Archive | November, 2012

Our (not so) romantic camping weekend

5 Nov

“Seonbee-cheon” said the bus driver, catching my eye in his review mirror and using his head to indicate ours was the next stop. “Seonbee-cheon?” I confirmed raising my eyebrows, as the bus took off, leaving us on the outskirts of a dark, eery forest.

One of Baden’s colleagues had invited him to an all-expenses paid, all inclusive, free camping weekend: and we were looking forward to waking up to Autumn leaves falling down the mountain-side; a cup of steaming tea boiled on the gas cooker. We had romantic ideas of walking hand-in-hand through the woods; snuggling in the tent with our books, cooking stews on the cooker.  But, we had no idea where to go and we were in trouble if we’d misunderstood.

There were some lights in the distance and as we neared, we recognised the site as a training centre where we’d worked for an English camp. Baden’s phone rang and his colleague directed him towards the museum and up the hill to “camping school”. This was the first sign. 

We arrived late, signed in and were ushered into the auditorium where the camp training was well under way. And we were surrounded by small children. We’d signed up for Family Camp! 

We sat through a lengthy, incomprehensible presentation on how to set up a tent, trying to ignore the small wide-eyed children who kept pointing and staring at the foreigners. We were then taken to a bare patch of grass, where we had to line up in groups, and practice (yes practice) how to hammer in pegs. We hammered quickly and effectively and then stood around watching small children hammer, hammer, hammer, stare at the foreigner, hammer, hammer, hammer. We then pulled the pegs out, handed them in and walked to our campsite: the basketball court. Sandwiched between 9 other noisy family tents, we unfolded our pop-up tent and laughed awkwardly at how unromantic our romantic weekend was turning out to be.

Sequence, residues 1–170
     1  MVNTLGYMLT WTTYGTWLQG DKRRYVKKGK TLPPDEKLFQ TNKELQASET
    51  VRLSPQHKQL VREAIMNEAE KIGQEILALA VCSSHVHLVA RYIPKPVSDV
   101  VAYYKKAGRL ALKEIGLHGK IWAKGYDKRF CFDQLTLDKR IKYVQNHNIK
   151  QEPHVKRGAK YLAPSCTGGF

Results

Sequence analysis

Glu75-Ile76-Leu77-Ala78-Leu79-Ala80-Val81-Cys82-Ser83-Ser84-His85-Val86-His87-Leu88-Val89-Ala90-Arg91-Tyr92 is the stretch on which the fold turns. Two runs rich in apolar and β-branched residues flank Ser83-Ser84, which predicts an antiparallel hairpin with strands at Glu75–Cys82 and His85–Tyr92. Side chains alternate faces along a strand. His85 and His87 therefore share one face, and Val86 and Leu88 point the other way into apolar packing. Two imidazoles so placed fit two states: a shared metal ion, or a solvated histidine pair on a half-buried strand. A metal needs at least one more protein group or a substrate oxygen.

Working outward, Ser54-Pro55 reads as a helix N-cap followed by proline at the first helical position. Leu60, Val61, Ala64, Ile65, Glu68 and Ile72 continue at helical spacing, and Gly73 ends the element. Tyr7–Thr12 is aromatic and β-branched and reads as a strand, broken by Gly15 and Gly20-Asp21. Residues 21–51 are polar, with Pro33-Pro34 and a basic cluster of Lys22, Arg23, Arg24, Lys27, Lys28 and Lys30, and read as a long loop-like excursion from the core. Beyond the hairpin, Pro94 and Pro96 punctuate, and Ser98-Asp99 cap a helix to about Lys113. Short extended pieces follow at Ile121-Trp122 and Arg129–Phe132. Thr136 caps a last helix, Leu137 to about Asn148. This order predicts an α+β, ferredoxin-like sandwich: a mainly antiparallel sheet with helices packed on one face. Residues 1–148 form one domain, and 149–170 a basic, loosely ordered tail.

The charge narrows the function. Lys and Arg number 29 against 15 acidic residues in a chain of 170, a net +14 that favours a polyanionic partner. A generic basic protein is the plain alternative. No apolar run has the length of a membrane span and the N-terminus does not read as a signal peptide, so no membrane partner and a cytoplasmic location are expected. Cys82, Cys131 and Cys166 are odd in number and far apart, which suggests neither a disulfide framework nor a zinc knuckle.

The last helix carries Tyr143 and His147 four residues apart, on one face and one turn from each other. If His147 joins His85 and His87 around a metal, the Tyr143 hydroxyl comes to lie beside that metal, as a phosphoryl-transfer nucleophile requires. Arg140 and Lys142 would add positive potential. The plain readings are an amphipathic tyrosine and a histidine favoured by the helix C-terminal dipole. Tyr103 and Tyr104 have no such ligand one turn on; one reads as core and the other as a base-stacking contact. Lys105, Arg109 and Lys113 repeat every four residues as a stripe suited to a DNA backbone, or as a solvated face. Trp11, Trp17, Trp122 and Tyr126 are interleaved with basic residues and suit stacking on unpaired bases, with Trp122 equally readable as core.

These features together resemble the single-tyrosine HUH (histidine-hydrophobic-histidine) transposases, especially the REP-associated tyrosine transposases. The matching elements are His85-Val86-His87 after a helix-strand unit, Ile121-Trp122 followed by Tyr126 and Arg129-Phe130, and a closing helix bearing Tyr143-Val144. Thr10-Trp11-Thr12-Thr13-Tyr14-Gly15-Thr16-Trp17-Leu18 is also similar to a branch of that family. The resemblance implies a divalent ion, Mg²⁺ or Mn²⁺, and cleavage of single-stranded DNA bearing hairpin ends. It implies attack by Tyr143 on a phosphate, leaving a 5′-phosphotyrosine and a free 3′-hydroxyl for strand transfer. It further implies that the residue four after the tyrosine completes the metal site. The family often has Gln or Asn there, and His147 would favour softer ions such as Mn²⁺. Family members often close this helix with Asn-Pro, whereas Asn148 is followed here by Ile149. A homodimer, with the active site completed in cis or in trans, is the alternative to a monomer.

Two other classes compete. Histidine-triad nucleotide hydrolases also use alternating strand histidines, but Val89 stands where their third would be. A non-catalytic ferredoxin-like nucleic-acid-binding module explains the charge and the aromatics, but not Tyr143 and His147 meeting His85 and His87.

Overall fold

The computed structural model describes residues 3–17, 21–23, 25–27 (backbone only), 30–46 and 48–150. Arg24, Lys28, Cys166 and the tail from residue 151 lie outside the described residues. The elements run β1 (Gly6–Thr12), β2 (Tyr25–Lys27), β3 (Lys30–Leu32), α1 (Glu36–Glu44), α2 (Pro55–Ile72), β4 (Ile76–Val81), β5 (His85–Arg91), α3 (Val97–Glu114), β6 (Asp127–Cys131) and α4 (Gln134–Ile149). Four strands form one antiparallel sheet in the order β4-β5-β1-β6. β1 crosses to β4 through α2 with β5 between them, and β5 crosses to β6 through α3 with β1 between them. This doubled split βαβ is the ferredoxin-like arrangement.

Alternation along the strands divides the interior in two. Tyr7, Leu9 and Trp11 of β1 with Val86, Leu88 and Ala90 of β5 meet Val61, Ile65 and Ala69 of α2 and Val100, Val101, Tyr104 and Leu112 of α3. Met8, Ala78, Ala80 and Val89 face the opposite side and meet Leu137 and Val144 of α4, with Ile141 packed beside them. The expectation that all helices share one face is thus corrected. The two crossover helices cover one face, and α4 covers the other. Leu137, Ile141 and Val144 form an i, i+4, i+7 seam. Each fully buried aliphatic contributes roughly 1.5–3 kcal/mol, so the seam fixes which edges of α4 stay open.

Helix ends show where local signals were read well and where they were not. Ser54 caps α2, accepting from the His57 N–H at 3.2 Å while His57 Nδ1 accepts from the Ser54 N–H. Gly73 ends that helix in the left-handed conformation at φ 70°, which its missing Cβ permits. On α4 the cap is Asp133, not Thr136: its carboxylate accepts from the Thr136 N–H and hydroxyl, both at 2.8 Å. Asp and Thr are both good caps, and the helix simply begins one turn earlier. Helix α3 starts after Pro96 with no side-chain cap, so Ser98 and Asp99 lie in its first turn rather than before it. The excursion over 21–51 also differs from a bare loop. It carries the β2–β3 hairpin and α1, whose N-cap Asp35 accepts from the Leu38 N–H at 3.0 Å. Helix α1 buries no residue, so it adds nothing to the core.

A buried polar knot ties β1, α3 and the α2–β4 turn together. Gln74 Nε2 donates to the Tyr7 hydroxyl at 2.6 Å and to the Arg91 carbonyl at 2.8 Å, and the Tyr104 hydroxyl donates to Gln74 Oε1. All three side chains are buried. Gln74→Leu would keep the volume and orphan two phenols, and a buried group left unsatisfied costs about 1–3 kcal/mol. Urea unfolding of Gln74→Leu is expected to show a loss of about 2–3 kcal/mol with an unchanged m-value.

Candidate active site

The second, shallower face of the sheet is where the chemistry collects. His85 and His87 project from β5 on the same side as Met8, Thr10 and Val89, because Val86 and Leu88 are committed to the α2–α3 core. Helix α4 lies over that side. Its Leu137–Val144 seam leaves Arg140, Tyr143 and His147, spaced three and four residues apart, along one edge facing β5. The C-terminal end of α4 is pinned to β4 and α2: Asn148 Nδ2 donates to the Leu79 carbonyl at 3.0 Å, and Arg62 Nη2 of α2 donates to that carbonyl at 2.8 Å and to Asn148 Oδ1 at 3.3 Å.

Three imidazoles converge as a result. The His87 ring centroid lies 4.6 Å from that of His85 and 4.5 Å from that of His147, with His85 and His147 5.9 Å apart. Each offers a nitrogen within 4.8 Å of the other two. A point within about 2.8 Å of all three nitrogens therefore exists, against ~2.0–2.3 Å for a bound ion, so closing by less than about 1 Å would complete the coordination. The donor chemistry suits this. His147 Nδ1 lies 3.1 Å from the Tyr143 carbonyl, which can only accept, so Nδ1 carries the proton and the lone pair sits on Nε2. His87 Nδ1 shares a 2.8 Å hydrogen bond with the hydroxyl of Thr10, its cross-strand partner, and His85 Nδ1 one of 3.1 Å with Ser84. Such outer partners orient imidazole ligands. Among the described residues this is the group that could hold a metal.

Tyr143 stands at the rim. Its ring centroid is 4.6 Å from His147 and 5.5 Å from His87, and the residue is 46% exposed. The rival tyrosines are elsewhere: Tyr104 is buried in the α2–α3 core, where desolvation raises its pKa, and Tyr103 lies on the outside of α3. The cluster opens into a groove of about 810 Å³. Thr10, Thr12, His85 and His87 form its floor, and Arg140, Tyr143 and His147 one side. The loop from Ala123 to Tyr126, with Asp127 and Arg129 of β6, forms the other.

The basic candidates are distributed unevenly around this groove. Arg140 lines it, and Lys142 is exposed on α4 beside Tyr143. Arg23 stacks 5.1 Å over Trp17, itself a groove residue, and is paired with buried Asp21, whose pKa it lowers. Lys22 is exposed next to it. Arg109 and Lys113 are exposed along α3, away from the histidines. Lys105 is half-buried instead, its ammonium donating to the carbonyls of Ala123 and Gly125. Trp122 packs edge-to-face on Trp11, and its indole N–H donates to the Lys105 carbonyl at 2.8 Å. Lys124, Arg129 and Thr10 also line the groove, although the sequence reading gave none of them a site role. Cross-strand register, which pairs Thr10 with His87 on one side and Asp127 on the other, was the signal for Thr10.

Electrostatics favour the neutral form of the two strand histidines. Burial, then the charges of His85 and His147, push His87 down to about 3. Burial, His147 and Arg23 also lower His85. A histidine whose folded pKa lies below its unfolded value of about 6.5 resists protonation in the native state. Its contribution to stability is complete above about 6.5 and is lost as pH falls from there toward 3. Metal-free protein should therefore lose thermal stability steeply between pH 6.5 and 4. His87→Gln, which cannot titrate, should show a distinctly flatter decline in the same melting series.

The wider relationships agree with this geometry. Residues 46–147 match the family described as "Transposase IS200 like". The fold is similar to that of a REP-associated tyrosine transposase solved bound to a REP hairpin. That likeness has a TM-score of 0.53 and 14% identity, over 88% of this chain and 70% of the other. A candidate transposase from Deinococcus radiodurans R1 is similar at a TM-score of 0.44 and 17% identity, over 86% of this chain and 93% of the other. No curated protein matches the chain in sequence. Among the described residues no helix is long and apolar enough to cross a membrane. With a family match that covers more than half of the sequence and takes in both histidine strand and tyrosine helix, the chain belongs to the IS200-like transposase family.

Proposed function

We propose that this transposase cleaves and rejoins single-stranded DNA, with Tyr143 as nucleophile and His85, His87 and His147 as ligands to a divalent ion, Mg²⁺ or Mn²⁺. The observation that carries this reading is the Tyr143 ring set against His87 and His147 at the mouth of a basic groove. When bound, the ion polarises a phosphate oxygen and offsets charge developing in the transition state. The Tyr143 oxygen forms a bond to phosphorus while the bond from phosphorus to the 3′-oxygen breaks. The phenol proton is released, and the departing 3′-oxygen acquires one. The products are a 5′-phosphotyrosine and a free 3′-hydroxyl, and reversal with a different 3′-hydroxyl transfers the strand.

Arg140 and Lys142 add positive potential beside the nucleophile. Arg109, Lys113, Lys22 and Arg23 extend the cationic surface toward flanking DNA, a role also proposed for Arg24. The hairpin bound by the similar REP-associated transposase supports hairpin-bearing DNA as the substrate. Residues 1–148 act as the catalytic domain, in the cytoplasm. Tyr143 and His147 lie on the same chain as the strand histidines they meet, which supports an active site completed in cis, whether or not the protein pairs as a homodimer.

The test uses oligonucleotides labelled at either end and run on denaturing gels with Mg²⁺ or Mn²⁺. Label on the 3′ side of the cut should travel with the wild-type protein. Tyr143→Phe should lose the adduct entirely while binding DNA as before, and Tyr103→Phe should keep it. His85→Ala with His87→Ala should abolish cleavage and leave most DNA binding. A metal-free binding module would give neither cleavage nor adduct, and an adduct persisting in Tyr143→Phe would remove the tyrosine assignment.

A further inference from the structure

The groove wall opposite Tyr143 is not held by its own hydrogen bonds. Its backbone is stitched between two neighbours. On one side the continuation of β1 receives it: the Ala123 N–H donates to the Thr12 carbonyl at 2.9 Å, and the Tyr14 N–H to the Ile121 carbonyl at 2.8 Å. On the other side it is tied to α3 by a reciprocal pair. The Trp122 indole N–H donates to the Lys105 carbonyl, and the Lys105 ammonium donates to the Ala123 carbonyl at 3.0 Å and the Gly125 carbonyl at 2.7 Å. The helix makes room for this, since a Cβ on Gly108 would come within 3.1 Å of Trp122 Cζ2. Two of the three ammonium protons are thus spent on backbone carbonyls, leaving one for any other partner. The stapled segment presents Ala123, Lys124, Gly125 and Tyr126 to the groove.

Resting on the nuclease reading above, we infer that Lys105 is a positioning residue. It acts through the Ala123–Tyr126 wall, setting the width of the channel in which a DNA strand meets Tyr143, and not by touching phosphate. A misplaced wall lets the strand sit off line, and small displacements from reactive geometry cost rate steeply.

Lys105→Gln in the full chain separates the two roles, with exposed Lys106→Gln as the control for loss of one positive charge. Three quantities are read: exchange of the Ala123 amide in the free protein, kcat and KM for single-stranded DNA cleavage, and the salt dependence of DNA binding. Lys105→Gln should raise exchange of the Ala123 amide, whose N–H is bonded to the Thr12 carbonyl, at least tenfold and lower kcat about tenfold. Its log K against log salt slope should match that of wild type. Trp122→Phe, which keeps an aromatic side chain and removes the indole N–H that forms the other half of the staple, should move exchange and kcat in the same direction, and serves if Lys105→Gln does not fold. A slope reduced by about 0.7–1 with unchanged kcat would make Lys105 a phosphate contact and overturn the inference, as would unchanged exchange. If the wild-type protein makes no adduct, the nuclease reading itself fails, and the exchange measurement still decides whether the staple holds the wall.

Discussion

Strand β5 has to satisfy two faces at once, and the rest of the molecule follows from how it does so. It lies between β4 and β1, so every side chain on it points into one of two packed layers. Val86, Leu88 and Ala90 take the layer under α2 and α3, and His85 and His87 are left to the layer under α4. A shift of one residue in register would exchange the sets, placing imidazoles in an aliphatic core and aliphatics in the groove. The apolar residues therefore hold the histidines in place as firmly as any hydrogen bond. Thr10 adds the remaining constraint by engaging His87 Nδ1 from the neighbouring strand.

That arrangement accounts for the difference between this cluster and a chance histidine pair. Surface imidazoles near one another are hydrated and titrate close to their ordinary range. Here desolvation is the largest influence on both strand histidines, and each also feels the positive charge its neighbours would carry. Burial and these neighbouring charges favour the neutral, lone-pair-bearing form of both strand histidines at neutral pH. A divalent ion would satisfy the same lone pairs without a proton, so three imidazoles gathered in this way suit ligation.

In the evening, we had group activities, which involved playing a game: “I say 1, you clap once. 1 (clap once). 2 (clap twice). 3 (clap three times)” and then another musical chairs type of activity (which, despite my best efforts, turned out to be quite enjoyable.) Baden and I even won gift vouchers for our dance moves. But, by bed time, we were scheming how we could get ourselves out of Family Camp. We couldn’t imagine a full weekend of orienteering, first aid, group activities, line ups, get the whole team through the spider web, camp fire songs, noisy children etc – especially since we couldn’t talk to anyone. 

The night bore on and the temperature dropped; the enthusiastic and happy children fell asleep and we shivered in and out of a cold sleep. By the time morning came, we were both determined to leave. So after breakfast, we excused ourselves, saying we’ll return again when we have children of our own, and headed into Sososuwon where we explored the surrounding areas for the rest of the morning: beautiful mountains, old Korean villages, the oldest Confucian school in Korea, farm lands and rivers.

We both agreed that the camp would be an amazing opportunity for young families but it just wasn’t what we were looking for.

Oriental Balcony - recycle, reuse!

A fine site

The Dowies in Asia

2 travellers and a baby